Lovely run a couple of weeks ago. It was in the build-up to my half marathon, and previous runs had  been fraught with tired legs and crippling self-doubt. But this steady ten miler really did the trick and gave me the confidence that I might actually be okay. Unfortunately, there was another thing…

It was an out-and-back route, and the last couple of miles before the turnaround point consisted of a straight country road in the middle of nowhere. The footpath was flowing nicely beneath my feet, and I noticed that up ahead there was a bloke walking a couple of dogs. He was wearing a high-viz jacket, and they weren’t , because they were dogs. Anyway, as I got within about 100 metres of him, my watch beeped to let me know that I’d done five miles and it was now time to spin round and start the return leg towards home, where chocolate milk was waiting for me1. At that very exact same moment, the chap in front moved over to the right, stepping off the footpath and pulling his dogs in close while gesturing for me to come past.

I was too far away to start a conversation, so as I slowed to a halt I did my best to mime the message “no it’s fine, you carry on”. He joined in the impromptu charades with a hand flourish that seemed to say “no, I insist. I’ve moved aside now, and if you don’t keep running then it means I’ve stepped on this dead hedgehog for nothing”.

If I gave in to his well-intended insistence, I’d have had to run past him and then keep going for long enough that it didn’t seem weird. It’s the sort of thing I’d usually do, but would probably add at least another hundred miles to my run (similar to what happened in this totally true story), and so I stuck with my original plan. I jabbed my thumb back in the direction I’d come, and shouted “thanks anyway”, before turning and legging it back along the path. The return leg started off blissfully and, as I sped2 away from dog man, I was warmed by his little gesture of kindness.

“He must have thought I was a bit odd though”, I mused.

“No”, added the slightly lower-down traitorous part of my brain, “he just assumed you were scared of dogs”.


“Yep, as far as he was concerned, you took one look at his little spaniels and decided that you’d turn and run miles out of your way rather than have to pass within a few feet of them”.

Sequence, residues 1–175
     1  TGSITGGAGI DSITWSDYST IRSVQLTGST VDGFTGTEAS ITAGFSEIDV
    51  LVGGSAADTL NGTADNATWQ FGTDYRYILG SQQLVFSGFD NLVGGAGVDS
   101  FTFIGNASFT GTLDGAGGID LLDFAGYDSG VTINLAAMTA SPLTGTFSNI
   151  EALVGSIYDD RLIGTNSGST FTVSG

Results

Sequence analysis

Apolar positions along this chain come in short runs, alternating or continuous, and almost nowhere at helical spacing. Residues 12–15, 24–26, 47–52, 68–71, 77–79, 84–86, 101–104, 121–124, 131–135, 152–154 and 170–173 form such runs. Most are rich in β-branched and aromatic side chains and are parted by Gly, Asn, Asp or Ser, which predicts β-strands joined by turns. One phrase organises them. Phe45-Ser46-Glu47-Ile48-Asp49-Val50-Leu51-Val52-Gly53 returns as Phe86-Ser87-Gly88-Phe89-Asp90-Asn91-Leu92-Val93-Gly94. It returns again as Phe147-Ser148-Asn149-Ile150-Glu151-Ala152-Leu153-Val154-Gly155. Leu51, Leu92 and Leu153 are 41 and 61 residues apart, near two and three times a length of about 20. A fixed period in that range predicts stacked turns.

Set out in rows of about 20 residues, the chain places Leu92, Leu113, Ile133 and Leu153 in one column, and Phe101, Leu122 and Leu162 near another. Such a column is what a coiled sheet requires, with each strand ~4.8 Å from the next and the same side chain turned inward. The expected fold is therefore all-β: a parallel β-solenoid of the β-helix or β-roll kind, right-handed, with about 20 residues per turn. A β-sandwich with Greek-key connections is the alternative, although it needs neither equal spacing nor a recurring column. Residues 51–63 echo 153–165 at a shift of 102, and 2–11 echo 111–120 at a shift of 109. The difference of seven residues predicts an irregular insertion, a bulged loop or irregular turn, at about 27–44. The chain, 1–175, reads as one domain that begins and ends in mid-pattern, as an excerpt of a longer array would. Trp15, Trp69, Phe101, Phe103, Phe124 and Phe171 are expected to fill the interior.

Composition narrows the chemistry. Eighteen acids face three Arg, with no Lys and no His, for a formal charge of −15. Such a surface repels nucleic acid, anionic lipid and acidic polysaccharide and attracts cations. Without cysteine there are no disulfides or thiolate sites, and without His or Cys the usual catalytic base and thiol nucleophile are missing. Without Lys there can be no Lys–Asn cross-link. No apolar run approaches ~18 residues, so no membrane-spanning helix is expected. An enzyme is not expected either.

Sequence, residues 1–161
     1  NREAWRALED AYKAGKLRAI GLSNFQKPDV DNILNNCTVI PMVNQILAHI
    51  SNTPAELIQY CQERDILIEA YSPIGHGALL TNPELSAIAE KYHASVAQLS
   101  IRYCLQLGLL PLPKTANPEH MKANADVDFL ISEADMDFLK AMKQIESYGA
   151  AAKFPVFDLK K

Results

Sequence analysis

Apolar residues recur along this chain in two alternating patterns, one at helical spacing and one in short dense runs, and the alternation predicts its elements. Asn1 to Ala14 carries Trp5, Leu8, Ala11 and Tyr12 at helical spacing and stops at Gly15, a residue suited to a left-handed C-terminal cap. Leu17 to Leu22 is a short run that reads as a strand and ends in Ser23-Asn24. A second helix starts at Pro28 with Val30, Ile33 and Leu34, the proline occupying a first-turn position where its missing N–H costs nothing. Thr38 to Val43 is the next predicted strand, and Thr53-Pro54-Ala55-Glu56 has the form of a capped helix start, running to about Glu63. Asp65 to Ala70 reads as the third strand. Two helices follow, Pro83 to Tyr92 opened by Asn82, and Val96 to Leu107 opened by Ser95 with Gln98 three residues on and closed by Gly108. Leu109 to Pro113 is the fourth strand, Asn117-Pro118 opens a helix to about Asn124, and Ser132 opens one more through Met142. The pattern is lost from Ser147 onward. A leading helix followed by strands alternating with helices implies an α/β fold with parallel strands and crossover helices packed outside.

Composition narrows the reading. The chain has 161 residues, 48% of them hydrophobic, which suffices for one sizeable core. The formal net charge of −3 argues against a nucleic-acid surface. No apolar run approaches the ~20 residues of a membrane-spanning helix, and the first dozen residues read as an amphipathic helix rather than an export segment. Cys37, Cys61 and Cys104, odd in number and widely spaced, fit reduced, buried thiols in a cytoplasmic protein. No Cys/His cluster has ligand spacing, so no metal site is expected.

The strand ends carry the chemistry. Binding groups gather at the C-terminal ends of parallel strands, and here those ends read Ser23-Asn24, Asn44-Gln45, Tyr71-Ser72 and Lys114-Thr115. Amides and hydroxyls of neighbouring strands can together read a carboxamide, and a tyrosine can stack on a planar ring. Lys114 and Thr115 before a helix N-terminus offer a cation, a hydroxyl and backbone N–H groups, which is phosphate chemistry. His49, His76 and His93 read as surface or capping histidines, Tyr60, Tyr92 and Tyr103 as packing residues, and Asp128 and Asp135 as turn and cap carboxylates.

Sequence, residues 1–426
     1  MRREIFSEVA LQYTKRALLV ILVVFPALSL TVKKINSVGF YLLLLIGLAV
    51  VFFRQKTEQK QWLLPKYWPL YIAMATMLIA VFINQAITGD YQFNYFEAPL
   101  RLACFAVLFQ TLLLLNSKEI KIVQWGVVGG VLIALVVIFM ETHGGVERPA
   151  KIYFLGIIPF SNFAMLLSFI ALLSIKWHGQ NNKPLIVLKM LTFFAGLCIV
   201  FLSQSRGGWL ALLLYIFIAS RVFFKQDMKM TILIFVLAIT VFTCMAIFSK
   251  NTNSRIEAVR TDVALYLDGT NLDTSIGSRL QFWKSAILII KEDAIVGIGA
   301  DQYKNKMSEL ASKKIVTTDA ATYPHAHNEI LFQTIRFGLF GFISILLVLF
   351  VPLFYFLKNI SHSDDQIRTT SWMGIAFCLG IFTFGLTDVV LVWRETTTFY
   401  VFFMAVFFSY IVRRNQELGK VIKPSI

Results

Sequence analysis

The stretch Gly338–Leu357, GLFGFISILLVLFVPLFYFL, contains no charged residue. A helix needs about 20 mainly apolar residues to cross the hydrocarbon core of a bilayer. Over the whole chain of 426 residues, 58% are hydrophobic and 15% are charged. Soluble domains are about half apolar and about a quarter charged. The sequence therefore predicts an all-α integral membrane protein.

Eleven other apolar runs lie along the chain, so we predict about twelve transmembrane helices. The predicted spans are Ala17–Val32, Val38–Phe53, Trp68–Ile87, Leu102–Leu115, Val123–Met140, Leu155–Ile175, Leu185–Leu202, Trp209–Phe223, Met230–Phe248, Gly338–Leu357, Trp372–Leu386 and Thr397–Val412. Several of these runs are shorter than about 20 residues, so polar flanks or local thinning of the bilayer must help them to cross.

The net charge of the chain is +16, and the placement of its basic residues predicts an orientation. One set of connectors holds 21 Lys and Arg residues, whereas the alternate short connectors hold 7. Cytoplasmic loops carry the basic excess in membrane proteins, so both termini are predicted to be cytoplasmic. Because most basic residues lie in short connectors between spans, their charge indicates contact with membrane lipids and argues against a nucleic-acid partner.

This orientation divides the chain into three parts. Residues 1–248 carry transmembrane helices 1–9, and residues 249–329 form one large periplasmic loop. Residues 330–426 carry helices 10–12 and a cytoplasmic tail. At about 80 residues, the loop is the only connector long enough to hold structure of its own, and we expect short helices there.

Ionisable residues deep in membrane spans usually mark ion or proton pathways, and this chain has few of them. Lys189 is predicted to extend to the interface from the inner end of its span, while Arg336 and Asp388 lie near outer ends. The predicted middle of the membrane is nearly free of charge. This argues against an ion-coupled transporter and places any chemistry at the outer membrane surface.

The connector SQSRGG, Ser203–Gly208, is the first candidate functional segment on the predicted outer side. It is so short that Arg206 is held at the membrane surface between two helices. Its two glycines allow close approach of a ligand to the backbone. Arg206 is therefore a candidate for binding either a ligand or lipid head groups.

Dearest reader, I’m not scared of dogs. I love them. They’re my favourite. I’ve been around them all my life. I’ve even trained with them at work, which basically involved being hunted around an abandoned industrial unit by a snarling ball of furry fury until it cornered me in a store cupboard, where the only things that stopped it from eating me were the iron grip of his handler and a squeaky rubber bone. I thought I’d illustrate this by posting some pictures of me with dogs. Like I said, I’ve been around canine chums for my entire life, so I must have plenty of photos.

Mustn’t I?

No, it turns out I mustn’t. I couldn’t find a single picture of myself with a dog. So now I’m starting to wonder if I imagined the whole thing.

If any of my readers could write in and let me know once and for all whether I’m scared of dogs, that’d be great, thanks.




1 My watch didn’t actually tell me the bit about chocolate milk. I had to work that out for myself, which I feel is a massive shortcoming on the part of Mr Garmin.
2 The word “sped” is used for entertainment/novelty purposes only and is in no way intended to be illustrative of my running.


UPDATE: Many thanks to Heloise Horton for giving my brain a nudge and reminding me of this post from yesteryear: One man and somebody else’s dog. So it turns out that the only things I’m scared of are: jellyfish, zombies, paper-cuts, toenails, King Kongs, social situations, global warming and spooky ghosts. 


4 thoughts on “Woof!

  1. Just to confirm, you’re not scared of dogs. You even borrowed one once to go running with. Although I seem to recall that that did not go quite the way you imagined it would. Which is much the same as my experience of running with my dog.
    Also, have you stopped doing the Twitter?

    • Ah, I’d forgotten about that. Thanks. Yay! I’m brave again!

      (And, yes, I’m no longer a twitterer)

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